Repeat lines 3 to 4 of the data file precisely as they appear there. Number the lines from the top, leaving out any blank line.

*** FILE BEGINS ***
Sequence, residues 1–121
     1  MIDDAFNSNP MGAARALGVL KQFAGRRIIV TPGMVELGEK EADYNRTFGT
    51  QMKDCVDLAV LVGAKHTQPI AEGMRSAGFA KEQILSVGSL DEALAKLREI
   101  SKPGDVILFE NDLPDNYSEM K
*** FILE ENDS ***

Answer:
    51  QMKDCVDLAV LVGAKHTQPI AEGMRSAGFA KEQILSVGSL DEALAKLREI
   101  SKPGDVILFE NDLPDNYSEM K